Yesterday, in front of the House Energy and Commerce Committee's Subcommittee on Health, Grace-Marie presented cogent and important testimony on the Protecting the Medicaid Safety Net Act of 2008 (H.R. 5613).
She made many valid, technically savvy comments and recommendations, but it was her conclusion that should strike at the best bipartisan angels of our legislative nature.
"The president and CEO of the Mayo Clinic, Dr. Denis Cortese, spoke in Washington recently about health reform. Mayo is renowned worldwide for its expertise in medical diagnosis, and Dr. Cortese drew on these capabilities to help policymakers think more strategically about health reform. He said in medical care and in public policy, change must focus on putting the needs of the patient first. Patients want personal, high-value health care, and we need to provide better incentives for programs and providers to provide that care.
Micromanagement of the system through rules and regulations is not putting the patient first. Instead, we need to focus on new financial incentives to encourage patients, providers, program administrators, and the states to make sure they are getting the best value in health spending. Rethinking Medicaidâ€™s financial structure, I believe, is needed.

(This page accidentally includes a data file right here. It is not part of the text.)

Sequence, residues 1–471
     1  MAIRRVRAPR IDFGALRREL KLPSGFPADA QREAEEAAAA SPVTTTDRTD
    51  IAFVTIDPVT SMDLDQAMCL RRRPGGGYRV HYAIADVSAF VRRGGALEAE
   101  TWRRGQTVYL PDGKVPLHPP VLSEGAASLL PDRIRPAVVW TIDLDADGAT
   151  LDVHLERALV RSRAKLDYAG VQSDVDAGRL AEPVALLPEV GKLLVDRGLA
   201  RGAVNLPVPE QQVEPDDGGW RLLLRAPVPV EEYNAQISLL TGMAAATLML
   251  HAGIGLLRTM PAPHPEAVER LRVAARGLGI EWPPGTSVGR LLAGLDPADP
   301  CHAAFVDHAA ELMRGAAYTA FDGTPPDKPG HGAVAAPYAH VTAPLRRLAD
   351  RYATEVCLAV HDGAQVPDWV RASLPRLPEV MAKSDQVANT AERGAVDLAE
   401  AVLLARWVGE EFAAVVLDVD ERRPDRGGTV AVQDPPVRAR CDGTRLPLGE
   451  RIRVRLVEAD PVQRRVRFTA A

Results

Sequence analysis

Our commission heard many, many witnesses testify that patients want a medical home. The worst place to get routine medical care is in a crowded hospital emergency room, but too many Medicaid recipients have no other choice. Having a medical home would mean that someone is working on their behalf to coordinate care. Medicaid doesnâ€™t support the kind of coordination that would lead to better care and more efficient spending.
After hearing hours and hours of testimony during my service on the Medicaid Commission, I believe we must begin the process of transforming this fragmented, procedure-oriented program to one that is focused on coordinated care, results, and outcomes. Quality of care for Medicaid recipients will be improved when health care providers are responding to patientsâ€™ needs and not to bureaucratic program rules and regulations.
For Medicaid to become more patient-focused and to more effectively meet the distinctive needs of populations with different needs, Medicaid programs must begin funding health care in a new way. Achieving better quality of care is integrally connected to creating new incentives to achieve better outcomes. This means that new funding mechanisms should be tied to the success of providers and health plans in coordinating patient care, gathering sharable information on the patientâ€™s medical care, and giving patients more information and responsibility to be partners in managing their health.
Focusing on these goals and on putting patients first would assure taxpayers, states, and most importantly, patients, that the system is supporting quality care."
Words well put -- and worth heeding.
Here's a link to Grace-Marie's complete testimony:
And if you want to consider yourself in the know, my suggestion is this -- read it.